Airport security has a lot to live up to. According to the International Air Transport Association (IATA), an average of eight million people flew every day in 2013, with the cast majority traveling through main airports.
Airport security has a lot to live up to. According to the International Air Transport Association (IATA), an average of eight million people flew every day in 2013, with the cast majority traveling through main airports. Airport staffing is also on the rise, as more restaurants, shops and other services arrive next to the runways.
With this growing footfall to account for, airports are understandably under considerable pressure to maintain a round-the-clock, first-class security system. Although airport security is one of the most heavily scrutinized in the world, other transport networks could still benefit from adopting the systems, processes and approaches that are best practice in the aviation industry.
One transport network that should draw inspiration from airports is railway. Railway stations remain a top target for thieves in many countries — in the U.K., for example, four of the country’s top crime hot spots were major railway stations, based on figures released by the local police in 2013. The ever-present threat of crime means security managers are constantly on the lookout for new ways to keep passengers, staff and assets safe.
Airports are well placed to provide inspiration. International airports have invested heavily in solutions and strategies that are specifically designed to better protect passengers and cargo, which is an excellent starting point for railways looking to improve their security. This article will explore the parallels between airport and railway security and examine the best solutions that railways should be looking to adopt from airports.
Both airports and railway stations are some of the world’s busiest and most congested spaces. Picture the departure lounge at international airports during the summer holiday season or a major railway station during Friday rush hour. In both scenarios, the sheer number of people can be overwhelming.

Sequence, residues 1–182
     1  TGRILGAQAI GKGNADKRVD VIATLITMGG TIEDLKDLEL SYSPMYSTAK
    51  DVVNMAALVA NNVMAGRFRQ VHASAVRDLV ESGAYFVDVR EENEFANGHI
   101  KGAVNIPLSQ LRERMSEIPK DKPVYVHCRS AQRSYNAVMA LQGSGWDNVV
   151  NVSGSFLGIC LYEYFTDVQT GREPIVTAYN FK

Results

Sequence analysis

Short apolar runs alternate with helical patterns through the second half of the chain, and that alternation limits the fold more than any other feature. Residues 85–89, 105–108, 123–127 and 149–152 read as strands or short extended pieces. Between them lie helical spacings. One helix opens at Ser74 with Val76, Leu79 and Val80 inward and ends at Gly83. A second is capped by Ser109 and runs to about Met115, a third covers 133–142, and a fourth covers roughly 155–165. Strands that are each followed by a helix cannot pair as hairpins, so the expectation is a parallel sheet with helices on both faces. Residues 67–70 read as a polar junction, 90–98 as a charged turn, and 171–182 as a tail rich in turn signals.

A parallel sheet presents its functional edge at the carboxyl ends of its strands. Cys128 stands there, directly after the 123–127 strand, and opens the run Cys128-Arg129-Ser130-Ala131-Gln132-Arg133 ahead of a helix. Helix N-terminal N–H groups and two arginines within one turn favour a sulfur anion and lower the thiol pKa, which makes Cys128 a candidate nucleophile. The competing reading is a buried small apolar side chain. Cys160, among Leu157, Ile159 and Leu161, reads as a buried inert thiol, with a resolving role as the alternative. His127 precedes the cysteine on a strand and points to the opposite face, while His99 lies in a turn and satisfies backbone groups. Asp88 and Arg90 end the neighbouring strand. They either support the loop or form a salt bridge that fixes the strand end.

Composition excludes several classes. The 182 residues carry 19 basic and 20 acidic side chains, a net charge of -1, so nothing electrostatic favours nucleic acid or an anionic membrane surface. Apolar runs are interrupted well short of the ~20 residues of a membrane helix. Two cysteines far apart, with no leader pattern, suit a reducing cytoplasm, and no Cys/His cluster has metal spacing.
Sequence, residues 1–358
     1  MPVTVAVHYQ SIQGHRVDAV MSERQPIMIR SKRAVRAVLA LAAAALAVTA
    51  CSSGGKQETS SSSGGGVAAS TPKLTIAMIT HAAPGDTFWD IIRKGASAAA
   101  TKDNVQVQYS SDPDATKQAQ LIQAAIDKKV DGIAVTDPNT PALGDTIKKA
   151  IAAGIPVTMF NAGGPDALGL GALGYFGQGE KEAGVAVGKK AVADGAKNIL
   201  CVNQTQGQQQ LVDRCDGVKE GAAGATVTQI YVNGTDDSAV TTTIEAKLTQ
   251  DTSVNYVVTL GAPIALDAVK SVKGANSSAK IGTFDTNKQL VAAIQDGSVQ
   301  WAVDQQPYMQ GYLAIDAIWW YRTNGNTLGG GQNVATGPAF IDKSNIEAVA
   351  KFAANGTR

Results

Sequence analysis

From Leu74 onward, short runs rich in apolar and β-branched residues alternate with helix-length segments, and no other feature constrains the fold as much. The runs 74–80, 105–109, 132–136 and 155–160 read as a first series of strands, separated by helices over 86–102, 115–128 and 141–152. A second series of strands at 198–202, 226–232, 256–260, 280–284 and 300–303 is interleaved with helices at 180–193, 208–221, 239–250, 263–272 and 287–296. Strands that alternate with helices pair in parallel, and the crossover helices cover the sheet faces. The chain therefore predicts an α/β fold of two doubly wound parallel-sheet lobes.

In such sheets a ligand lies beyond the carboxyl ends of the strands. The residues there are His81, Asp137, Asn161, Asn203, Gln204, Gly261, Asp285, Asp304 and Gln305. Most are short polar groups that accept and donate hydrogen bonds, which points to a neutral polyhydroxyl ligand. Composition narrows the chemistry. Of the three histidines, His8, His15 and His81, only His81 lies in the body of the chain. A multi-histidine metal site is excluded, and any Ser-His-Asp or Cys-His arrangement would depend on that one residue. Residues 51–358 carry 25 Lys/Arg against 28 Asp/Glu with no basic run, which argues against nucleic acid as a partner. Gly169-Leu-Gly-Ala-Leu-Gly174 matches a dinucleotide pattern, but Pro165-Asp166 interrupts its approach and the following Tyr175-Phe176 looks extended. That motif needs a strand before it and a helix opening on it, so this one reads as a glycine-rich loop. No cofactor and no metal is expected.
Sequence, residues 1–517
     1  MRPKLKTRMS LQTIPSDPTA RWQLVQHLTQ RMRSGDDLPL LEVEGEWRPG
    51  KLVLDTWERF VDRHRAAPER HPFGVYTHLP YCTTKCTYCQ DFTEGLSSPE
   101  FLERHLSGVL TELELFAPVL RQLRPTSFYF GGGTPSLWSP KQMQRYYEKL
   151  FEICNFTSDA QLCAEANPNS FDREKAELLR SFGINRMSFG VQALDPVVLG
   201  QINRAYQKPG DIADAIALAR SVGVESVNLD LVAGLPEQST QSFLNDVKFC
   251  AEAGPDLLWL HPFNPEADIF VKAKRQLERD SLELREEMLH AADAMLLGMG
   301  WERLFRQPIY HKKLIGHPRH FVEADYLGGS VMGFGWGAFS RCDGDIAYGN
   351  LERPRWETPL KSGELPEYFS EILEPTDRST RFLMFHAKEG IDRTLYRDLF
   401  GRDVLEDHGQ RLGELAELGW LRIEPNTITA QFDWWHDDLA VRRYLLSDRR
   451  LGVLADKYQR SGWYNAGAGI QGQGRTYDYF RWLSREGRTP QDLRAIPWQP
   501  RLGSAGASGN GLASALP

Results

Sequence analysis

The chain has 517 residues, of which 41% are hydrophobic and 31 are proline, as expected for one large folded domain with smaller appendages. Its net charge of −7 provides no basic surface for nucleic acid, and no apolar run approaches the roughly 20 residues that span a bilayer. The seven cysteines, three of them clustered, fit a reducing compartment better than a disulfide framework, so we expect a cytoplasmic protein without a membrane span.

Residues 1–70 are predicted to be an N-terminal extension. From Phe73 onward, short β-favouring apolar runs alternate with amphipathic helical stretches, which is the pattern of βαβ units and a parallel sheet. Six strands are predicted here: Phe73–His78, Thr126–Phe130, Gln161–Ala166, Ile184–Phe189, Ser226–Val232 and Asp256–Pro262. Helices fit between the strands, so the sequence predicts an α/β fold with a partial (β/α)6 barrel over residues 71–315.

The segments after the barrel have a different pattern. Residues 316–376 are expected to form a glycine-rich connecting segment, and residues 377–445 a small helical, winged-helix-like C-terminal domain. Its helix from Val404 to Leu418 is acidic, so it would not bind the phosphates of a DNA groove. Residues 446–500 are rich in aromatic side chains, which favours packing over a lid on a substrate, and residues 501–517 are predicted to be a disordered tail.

Airports approach this in an innovative way — by adopting a strategy that enables security managers to prevent scenarios from turning into incidents, rather than just reacting to events after they occur. If a passenger leaves his bag in one of the terminals and walks off, technologies such as video analytics can help the security staff to spot the suspicious behavior in a busy crowd as it happens and pre-empt a potential problem.
In addition, using a video management system to integrate several video feeds together into one single unified view makes it much easier to spot a person behaving in an unusual way and can quickly guide the security personnel to the source of concern. For larger railway stations in particular, this proactive approach to managing situations should serve as an inspiration.
Always on 24/7/365
Both airport and railway transport networks never stop their operations, so their security systems must perform to the highest standards both day and night. Continuing to operate without interruption, no matter what the circumstances, is essential to securing both environments.
Take, for example, an incident when an airport suffers a power outage that affects the operational systems at the terminal. This failure can cause major flight delays and chaos, with big crowds moving around the building and demanding information about their flights.